to bring at least 12 cameras and
upwards of 85 people for the entire
production. ESPN's broadcast of the
event will include a pre-game show,
and is expected to be one of their
higher rated games of the college
Fifty years ago, in order to beam the
broadcast from Michigan Stadium all
the way to WWJ-TV's 5,000-watt sta-
tion in Detroit, relay dishes were
mounted on top of a windmill at the
crest of Tuomy Ridge. Two extra crew
members were assigned the task of
operating the dishes in the basement of
a nearby farmhouse.
"I think that first televised game was
part of the ongoing saga of the infor-
mation age," said Bruce Madej, assis-
tant athletic director for media rela-
See TELEVISION, Page 7
No. 5 Michigan (3-0 Big Ten, 6-0 overall)
vs. No. 15 Michigan State (2-1, 5-1)
Spartan Stadium (cap, 72,027)
Tomorrow, 12:30 p.m.
Michigan by 2 1/2
Chance of rain, high around 55.
The last time both teams were ranked this
high, Michigan prevailed, 17-10, in 1964.
Michigan leads the all-time series, 58-26-5,
but lost on its last trip to East Lansing.
The uiatit choice
RC's 30th birthday
By Janet Adamy
Daily Staff Reporter
When RC graduate Danny Thompson
entered East Quad yesterday for the first time
in nearly 10 years, it seemed to him that little
"The place smells the same," Thompson
s as he hugged former classmates. "It's
s.e strange combination of carpet and
Dozens of alumni returned to Ann Arbor
yesterday to celebrate the 30th anniversary of
the Residential College - the University's
first living-learning community, which is a
part of LSA and housed in the East Quad res-
Prof. Janet Hegman Shier, the anniver-
sary's coordinator for special events, said the
end-long festivities will be more than a
"We're hoping that some initiatives may
grow out of it," Shier said, adding that she has
spent the year uniting current students with
RC alumni to plan the weekend.
RC philosophy Prof. Carl Cohen, one of
the college's founding fathers, said the idea
for the college crew from a feeling among a
growth of the University was threatening the
camaraderie between students and faculty.
"(Other professors) and I were concerned
that we were going to lose some of the close-
ness we prized," Cohen said, adding that a
small living-learning college would help pre-
serve notions of decency and humanity in the
University. "By and large, I think it's fair to
say that we've succeeded"
Economics Prof. and RC Director Thomas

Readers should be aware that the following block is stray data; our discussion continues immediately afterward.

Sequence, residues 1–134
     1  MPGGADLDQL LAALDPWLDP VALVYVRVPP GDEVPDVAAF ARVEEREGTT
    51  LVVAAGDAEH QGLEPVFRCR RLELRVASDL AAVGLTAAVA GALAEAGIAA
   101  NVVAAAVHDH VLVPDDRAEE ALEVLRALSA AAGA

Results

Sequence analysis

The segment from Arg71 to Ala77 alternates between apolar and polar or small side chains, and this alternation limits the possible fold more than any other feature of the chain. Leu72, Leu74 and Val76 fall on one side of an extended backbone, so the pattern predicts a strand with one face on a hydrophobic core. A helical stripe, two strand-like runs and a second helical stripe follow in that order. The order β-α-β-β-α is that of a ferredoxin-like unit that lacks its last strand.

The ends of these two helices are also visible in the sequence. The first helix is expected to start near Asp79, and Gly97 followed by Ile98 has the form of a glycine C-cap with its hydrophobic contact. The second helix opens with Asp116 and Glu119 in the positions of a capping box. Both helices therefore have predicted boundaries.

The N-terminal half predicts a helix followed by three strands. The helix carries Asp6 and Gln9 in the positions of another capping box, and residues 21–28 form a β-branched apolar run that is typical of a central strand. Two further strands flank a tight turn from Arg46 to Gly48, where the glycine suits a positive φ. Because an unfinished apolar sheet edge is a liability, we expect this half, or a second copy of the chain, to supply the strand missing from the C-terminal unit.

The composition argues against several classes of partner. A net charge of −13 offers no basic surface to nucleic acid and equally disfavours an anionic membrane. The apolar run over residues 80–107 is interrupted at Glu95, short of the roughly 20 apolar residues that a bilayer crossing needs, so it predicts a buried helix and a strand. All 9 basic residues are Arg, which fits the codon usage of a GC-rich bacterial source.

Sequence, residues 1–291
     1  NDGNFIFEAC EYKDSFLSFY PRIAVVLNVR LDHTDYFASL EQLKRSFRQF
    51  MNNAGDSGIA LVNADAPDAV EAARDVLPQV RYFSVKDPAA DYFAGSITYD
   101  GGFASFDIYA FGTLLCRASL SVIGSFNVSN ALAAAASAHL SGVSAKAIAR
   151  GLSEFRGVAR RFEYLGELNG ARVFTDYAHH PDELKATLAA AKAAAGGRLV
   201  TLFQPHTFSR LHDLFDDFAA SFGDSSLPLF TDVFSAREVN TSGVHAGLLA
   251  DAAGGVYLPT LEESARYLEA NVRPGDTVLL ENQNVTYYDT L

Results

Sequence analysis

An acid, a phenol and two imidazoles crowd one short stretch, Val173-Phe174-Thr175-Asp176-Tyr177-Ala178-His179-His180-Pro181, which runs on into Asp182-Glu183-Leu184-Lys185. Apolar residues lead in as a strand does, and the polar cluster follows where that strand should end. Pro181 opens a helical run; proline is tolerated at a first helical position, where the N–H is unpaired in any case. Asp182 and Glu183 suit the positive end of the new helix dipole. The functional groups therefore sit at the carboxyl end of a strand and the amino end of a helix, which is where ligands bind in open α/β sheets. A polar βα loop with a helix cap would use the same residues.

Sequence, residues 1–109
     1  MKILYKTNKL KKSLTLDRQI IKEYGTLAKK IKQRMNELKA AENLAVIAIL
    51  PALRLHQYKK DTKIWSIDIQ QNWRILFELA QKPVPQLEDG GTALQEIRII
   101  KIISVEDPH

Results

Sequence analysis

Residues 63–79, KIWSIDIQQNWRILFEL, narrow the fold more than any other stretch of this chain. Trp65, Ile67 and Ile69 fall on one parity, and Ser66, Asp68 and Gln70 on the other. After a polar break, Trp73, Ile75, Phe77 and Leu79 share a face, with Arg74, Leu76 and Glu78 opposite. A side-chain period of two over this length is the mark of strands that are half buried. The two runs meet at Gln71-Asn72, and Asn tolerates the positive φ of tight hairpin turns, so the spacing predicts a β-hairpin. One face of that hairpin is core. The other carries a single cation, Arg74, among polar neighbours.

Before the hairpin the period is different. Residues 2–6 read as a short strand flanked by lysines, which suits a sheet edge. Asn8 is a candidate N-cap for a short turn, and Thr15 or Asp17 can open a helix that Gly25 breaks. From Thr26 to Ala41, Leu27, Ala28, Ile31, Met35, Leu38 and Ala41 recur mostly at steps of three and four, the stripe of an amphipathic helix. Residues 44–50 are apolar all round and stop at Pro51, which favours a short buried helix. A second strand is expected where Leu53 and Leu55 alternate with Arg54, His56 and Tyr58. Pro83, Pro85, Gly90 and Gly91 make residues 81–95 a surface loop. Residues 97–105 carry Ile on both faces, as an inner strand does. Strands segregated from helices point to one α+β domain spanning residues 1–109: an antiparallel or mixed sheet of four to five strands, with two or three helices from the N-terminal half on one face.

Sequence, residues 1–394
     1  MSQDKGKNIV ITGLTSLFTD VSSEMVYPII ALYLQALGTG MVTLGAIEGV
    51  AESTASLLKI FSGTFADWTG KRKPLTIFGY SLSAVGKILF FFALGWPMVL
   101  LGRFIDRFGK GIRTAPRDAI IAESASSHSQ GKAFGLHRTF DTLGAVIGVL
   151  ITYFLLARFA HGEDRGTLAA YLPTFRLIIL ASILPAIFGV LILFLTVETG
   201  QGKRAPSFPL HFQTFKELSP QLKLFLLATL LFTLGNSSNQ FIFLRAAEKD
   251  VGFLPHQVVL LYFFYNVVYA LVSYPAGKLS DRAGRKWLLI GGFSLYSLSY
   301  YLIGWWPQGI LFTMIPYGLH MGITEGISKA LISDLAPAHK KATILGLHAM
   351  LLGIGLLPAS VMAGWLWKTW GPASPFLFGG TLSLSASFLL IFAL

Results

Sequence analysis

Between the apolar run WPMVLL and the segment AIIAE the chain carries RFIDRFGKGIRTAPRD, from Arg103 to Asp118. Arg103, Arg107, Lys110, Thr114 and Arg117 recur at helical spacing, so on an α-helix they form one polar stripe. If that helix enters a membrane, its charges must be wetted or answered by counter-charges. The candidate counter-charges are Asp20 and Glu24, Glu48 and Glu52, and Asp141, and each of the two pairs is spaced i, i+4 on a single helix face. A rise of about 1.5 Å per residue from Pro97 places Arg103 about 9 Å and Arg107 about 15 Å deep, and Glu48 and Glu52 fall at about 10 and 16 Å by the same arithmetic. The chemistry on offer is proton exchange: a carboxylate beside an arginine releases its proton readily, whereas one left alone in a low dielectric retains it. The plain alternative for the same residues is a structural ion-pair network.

Weisskopf said that while a number of uni-
versities started similar living-learning pro-
grams during the 1960s, the RC is one of few
that have survived.
"A lot of schools are very much interested
in, and somewhat jealous of, what we have
here at Michigan," Weisskopf said.
Cohen attributes the college's success to
the close relationship the RC has maintained
"We did this with the financial and intel-
lectual support of LSA," Cohen said, adding
that other programs cut themselves off from
the universities that supported them.
Expanding from 100 students in 1967 to
nearly 1,000 students today, the RC has
undergone numerous changes but retained its
By Katie Plona
Daily Staff Reporter
The voices of many black Unrversity women will join oth-
ers when they gather tomorrow in Philadelphia to participate
in the Million Woman March.
Two buses filled with students are departing this evening
from the Michigan Union. They will meet with two other
busloads of women from the Ann Arbor and Ypsilanti area
and make the 400-mile tek to Philadelphia.
"This is one day to bring all of the issues not just to the
attention of the women there, but bring it to the conscience
of the nation who might not be aware," said LSA and Music
senior Dee Dee White.
Local participants registered at Originations Gallery in
Arborland Mall, the area's designated MWM registration and
White said that besides the planned presentations, the
event will be a means of discourse for not only black women,
but for all women of color to discuss issues relevant to them.
"Issues tend to be 'dealt with in a different way," White
said. "We have to understand how the experiences started and
try to resolve it from the same direction."
White said she and a few other women are videotaping the
event, and have already started recording women as they pre-
RC sophomore Jessica Bodzin (left) and RC junior Colin Zyskowski (right) discuss Madame
Bovary in their class on Arts and ideas of the 19th century.
Since it was a new program, the RC first
attracted liberal students who were interested
in an exciting and different experience,
"They tended to be quite outspoken, quite
political," he said.
With much of the RC student body opposed
to former President Richard Nixon's re-elec-
tion in 1972, RC students held a mock inau-
"It was all very sardonic and terribly bit-
ter," Cohen said.
RC students sent a letter to the former
president inviting him to the festivities, but
Nixon sent the students a telegram declining
the invitation. Students read the telegram and
poked fun at Nixon during the ceremony,
Cohen said the biggest change in the RC